Gold vs Cocoa: The Battle Over West African Natural Resources


ACCRA, Ghana–A common story is repeating itself across the cocoa heartland of the world, the Ivory Coast and Ghana, as plantation after plantation is discovering the gold mines right beneath their feet.

The cultivation of cocoa has been the main livelihood for the majority of people in both the Ivory Coast and Ghana, the world’s top producer and second largest producer of cocoa respectively. Production in both of these nations accounts for 60 percent of the global supply of cocoa.

With the recent discovery of masses of gold under many of these cocoa plantations, the future of cocoa production is now at stake.

Many farmers are looking to the payout from gold to replace the little amount of money they made harvesting cocoa. One such farmer is Bouafu Kouassi, an Ivory Coast cocoa farmer who discovered traces of gold dust on his shovel one day.

The discovery has since transformed his life. Kouassi’s plantation has nearly three dozen vertical shafts plunging into the soil, beneath which is a web of underground tunnels leading to gold. Within weeks, he has pocketed the amount of money that had taken him five years to earn on the cocoa plantation.

Kouassi is convinced that his cocoa plantation will be revitalized once the mining is complete, but this has not been the case for nearby farmers. Where there was once a booming cocoa plantation, now lies 300 empty mine shafts filled with toxic soil due to the cyanide and mercury that the miners used to extract gold from the ore.

Although each individual farmer may not be prospering, gold mining is doing wonders for the local economy. In the town of Zahibo, for example, between 30 and 35 kgs of gold are collected each week to be shipped off to various destinations. This amount translates to $500,000 injected into the local economy.

Each farmer alone extracts an average of $200 worth of gold each day, translating to $72,00 per year. This is 36 times what they were earning when exporting cocoa.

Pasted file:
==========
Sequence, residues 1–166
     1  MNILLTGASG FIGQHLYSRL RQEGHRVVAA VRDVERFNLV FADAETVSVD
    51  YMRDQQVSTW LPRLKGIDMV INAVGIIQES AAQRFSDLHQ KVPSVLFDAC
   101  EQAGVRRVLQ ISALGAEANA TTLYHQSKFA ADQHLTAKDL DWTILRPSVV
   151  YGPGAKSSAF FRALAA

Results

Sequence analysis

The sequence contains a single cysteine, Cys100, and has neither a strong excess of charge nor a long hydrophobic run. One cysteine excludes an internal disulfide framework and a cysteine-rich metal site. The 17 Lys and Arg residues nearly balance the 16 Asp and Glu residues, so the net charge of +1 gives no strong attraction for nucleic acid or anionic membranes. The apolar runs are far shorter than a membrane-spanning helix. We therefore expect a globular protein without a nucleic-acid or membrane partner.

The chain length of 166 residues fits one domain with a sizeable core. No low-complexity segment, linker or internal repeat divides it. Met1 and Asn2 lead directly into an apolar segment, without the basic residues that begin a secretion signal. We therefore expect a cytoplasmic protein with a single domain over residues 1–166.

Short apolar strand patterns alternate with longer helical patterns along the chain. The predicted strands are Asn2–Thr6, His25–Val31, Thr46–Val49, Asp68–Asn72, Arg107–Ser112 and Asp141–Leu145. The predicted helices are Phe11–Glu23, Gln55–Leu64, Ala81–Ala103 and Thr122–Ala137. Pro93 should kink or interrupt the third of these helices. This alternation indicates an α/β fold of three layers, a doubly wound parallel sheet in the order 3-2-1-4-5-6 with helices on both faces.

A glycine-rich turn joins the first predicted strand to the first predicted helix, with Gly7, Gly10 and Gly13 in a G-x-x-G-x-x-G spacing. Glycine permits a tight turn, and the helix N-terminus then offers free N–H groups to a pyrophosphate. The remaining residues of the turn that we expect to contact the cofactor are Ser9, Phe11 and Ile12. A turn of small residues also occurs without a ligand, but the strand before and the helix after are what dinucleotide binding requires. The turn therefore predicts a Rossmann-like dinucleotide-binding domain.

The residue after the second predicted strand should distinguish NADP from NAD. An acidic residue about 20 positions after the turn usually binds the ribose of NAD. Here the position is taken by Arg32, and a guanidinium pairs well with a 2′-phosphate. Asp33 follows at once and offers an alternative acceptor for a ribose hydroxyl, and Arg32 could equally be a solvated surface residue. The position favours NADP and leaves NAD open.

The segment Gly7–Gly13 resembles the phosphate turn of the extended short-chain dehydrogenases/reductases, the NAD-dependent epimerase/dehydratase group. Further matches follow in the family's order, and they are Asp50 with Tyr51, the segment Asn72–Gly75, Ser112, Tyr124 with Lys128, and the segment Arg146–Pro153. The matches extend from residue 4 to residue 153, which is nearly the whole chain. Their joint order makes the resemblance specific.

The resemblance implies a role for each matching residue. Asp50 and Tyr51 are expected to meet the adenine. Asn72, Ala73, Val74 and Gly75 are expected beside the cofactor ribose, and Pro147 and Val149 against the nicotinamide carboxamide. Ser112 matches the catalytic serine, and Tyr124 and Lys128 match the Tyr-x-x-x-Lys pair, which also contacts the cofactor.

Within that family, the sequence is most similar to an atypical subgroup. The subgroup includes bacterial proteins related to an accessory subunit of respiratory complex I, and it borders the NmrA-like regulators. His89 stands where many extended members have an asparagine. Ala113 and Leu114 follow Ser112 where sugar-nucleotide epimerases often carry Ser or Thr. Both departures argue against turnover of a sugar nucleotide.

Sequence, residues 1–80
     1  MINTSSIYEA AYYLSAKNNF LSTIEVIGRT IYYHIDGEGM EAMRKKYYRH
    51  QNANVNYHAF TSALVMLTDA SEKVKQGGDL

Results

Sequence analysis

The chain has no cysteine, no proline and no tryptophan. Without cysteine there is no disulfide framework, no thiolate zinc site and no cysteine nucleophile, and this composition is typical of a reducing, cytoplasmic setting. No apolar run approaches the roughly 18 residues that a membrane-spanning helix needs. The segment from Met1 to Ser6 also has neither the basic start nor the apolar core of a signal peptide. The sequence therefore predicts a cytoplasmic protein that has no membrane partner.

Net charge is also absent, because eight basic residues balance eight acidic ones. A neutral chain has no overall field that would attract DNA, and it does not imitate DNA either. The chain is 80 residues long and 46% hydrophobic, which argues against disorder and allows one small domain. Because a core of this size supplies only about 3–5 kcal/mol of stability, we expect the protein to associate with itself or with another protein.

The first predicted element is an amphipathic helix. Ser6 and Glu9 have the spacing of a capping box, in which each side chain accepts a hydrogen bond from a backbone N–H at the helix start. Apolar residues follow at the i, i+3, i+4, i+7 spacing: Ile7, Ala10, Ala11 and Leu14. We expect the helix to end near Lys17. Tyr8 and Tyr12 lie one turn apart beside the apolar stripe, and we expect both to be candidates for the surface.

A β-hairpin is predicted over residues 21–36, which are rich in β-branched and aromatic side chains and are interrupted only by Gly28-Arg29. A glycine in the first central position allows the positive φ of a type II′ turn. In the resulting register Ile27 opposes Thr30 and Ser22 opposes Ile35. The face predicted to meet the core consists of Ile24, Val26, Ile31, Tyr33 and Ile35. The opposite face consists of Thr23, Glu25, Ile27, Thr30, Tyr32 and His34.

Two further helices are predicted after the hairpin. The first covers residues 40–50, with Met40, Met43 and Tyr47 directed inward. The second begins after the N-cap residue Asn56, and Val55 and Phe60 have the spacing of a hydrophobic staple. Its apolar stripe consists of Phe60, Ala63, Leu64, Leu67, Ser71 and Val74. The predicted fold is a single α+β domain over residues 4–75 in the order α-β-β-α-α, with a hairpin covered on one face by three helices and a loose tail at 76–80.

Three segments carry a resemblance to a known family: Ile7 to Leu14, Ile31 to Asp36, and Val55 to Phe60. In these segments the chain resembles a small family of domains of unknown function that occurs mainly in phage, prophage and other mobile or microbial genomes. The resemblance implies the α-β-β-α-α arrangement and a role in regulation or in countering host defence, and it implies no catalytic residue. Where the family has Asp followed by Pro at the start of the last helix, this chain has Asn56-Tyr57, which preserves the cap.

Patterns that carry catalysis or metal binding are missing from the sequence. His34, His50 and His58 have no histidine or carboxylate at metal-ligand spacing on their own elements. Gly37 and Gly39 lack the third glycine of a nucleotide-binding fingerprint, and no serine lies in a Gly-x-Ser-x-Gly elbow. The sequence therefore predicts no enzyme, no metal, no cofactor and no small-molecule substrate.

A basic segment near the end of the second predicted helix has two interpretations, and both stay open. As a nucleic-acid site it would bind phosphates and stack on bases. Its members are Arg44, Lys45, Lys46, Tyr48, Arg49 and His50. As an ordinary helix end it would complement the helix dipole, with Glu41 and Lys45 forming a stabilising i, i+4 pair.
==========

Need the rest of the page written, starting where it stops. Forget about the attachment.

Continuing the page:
No wonder gold mining has become such a hit.

The governments of both the Ivory Coast and Ghana have also pushed farmers towards gold mining. In the Ivory Coast, the government has been expelling farmers from plantations that were illegally established during the Coast’s decade-long political crisis. In Ghana, the government has been phasing out subsidies for pesticides and fertilizers, leading many to believe that cocoa production within the country will plunge.

There are many however, who have expressed great concern over the threat of gold mining replacing cocoa plantations.

In Ghana, a group of villages from the Western Region, which is a predominantly cocoa-growing district, has appealed to the government to formulate a policy that will prohibit mining concessions on cocoa farms across the country. It has become a common occurrence for the government to grant mining concessions on cocoa plantations, depriving many Ghanaians of their livelihoods.

With the appeal came a number of complaints from local farmers. Egya Kwesi Nda of one of the villages claimed that the government was paying too little for each cocoa tree destroyed and that the amount would not sustain their families. He added, “Cocoa trees could sustain us for over 30 years and even benefit our future generations.”

There are a number of forces and players at work in this complex economic and political struggle. The voices of the people need to be heard before any positive change can be had.

Sources: Reuters, Ghana News Agency, Daily Bhaskar


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